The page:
Trainer-facilitator's guide

Trainer-facilitator's guide


This section offers some guidance for anyone who wants to use the materials for workshops or training events. The learning package was not developed to be a training course. It was developed to be a resource for learning processes across the range of self and group study, and informal and formal learning exercises. These guidance notes are not, therefore, a training manual but rather suggestions and examples for anyone who wants to use the learning package materials in training or workshops. The guidance gives some ideas for how to use the materials with questions and exercises that can be used to explore and deepen understanding of any of the components of the resource package.

If you use the materials as a resource you are invited to share your experience. Please add your session plans or other information about what you did so that this resource can be expanded over time based on live experience.  Please feel free to add comments at the bottom of any page of the Learning Package.

The layout is as follows:

NOTE: it is not suggested that this presentation is used in its entirety, or in the same order. It is offered as a resource from which trainers and facilitators can select slides to use in any way they need.

General points of guidance

  • This isn’t something that can be presented as a neutral learning exercise – the participants will be concerned and engaged with the meaning and application for their own situation and needs. So it is essential that:
    • Wherever possible you use live examples from the participants’ working environment to illustrate the general information. If for example, there is a Ministry Capacity Development Strategy available it should be presented as the working example to show analysis of the different aspects of the information.
    • Additionally, as the facilitator you need to be ready to adapt as participants’ issues emerge if the programme doesn’t already cover what they are most concerned about.
  • The best starting point for a training session or workshop, whoever your participant group, is an exercise that explores how the participants understand capacity in their own context. In this way you can set the scene for the relevance and applicability of all the materials that you offer in the rest of the process. Being able to relate the materials to their own context will help the participants’ learning as they assess the relevance and whether or not the general ideas really work for them.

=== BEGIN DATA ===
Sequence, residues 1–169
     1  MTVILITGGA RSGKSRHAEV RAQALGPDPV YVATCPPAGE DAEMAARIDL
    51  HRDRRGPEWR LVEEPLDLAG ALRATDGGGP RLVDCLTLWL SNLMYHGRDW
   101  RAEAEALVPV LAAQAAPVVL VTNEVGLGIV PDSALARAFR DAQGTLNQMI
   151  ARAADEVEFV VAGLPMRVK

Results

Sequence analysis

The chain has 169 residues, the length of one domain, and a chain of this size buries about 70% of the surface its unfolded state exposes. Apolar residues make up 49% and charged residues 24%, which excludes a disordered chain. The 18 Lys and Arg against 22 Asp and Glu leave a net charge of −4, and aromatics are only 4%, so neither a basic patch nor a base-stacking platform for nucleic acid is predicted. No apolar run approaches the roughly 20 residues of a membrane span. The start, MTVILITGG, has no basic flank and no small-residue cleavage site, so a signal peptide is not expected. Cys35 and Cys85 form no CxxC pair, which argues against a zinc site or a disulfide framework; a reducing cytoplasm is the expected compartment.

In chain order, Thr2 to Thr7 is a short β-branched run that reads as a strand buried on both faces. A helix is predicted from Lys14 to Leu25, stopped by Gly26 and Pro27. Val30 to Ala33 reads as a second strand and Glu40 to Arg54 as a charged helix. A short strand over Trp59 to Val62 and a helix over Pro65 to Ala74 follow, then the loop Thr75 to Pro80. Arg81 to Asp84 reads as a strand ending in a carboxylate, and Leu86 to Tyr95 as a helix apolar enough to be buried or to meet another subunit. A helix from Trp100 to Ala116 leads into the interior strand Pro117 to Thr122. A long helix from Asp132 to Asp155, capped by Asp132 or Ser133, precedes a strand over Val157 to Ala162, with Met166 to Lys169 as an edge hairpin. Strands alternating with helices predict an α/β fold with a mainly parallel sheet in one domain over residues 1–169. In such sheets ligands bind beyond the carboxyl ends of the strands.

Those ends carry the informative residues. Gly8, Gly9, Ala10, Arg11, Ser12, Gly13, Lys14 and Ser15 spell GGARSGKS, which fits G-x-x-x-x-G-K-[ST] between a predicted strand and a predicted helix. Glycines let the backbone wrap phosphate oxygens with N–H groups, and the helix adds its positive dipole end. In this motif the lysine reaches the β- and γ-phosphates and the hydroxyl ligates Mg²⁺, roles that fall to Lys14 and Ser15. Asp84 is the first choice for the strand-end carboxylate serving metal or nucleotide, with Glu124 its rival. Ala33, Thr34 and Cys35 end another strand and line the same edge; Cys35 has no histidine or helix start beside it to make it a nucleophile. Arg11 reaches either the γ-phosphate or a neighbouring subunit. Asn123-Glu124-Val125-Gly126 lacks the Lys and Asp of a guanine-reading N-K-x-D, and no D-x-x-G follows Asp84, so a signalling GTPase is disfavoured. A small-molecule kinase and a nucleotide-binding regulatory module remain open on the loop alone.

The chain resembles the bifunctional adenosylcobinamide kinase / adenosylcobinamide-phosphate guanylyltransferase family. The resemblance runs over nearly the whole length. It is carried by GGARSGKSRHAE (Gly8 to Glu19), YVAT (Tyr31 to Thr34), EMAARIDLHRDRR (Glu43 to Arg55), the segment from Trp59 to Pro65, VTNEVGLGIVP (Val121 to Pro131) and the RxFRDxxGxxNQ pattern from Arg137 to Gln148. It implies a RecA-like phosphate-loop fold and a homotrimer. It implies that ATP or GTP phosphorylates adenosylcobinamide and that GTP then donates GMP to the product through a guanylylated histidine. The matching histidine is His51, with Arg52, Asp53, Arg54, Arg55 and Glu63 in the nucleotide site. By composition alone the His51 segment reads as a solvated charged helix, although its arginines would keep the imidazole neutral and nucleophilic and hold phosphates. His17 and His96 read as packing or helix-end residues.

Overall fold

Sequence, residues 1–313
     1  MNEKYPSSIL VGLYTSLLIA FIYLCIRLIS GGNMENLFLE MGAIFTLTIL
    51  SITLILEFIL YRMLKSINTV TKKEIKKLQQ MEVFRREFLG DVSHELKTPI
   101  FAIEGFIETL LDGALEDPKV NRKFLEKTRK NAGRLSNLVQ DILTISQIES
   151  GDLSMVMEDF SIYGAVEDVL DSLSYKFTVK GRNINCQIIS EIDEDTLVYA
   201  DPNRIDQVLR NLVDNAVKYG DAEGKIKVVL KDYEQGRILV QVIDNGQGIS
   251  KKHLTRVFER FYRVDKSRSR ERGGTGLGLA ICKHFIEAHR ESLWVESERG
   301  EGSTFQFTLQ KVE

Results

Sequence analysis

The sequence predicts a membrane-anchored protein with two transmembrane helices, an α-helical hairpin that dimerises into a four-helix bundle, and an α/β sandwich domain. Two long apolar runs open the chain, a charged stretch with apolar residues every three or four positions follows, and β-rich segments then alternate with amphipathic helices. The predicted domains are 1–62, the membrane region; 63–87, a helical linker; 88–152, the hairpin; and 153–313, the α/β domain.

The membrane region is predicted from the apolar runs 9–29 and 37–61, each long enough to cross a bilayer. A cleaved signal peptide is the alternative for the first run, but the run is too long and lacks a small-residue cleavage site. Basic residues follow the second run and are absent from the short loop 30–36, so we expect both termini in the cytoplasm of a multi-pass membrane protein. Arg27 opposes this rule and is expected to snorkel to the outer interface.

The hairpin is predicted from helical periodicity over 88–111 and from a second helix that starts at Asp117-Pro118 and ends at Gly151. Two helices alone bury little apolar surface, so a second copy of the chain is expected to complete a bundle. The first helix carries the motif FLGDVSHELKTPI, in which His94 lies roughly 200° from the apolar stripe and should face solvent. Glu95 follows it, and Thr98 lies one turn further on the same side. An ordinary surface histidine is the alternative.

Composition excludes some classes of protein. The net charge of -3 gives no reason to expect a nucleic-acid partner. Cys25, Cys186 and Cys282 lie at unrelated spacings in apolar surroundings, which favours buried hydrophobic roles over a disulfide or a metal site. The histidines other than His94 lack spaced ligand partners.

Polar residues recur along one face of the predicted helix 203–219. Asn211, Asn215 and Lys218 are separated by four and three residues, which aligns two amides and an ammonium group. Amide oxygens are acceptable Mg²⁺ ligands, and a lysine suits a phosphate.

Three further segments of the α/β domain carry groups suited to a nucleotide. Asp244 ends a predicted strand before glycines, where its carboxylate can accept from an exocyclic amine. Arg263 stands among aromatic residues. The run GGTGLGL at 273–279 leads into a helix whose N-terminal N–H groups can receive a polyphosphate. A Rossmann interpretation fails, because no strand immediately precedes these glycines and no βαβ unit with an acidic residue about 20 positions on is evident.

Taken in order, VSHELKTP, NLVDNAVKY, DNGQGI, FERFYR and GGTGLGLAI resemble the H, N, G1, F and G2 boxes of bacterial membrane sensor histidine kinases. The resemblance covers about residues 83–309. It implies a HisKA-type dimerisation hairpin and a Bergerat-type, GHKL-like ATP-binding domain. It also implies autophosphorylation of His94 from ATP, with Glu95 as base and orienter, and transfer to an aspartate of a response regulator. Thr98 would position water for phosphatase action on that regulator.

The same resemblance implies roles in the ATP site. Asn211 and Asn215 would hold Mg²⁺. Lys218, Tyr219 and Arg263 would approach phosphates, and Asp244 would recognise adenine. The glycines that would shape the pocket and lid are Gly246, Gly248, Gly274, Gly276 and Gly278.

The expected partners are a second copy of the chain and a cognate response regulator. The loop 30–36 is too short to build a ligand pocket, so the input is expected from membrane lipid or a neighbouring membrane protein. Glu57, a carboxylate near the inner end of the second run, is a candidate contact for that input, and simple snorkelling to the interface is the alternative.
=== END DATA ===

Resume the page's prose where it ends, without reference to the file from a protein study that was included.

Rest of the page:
• It would be important to stress throughout presentation of the materials that:
    • What is offered is NOT a new model or approach to capacity development, but a synthesis of current understanding based on the ideas of a lot of different agencies, and
    • The materials do not promote any one model or approach as being better than others because all the models and theories have been developed to suit the mandate of different agencies
    • Everyone needs to chose for themselves what works for them
  • You will need to make your own decisions about how to use the suggestions offered here depending on:
    • The profile of your participants
    • How many participants you have in the group
    • The learning objectives set for the exercise, and
    • The time you have available. In general terms for groups of more than a few people (say 8 – 10) it is better to limit whole group presentations and discussions because group dynamics will usually prevent everyone from participating fully. If you have the time, and the learning objective requires depth, then it is better to have the participants actively working in small group exercises where they can focus very specifically on their own situation.
  • One aspect of the materials you will need to think about carefully is how much information to give about the background and current efforts to achieve a paradigm shift in the policies and practices of capacity development. For example, senior government officials who work on a daily basis with development partners will likely be very familiar with issues such as the Accra Agenda for Action, South-South cooperation and so on. They may be very aware of the current challenges and wanting to make those challenges the focus of their learning, for example about results. Others, maybe people who have a strong technical orientation to their work, will not necessarily be familiar with these issues and will need some basic inputs on the ‘big picture’ issues to help them understand the context of the other information you will be sharing with them, i.e. why so many different agencies are paying so much attention to capacity development. This type of participant might not be ready to look at the current challenges in detail.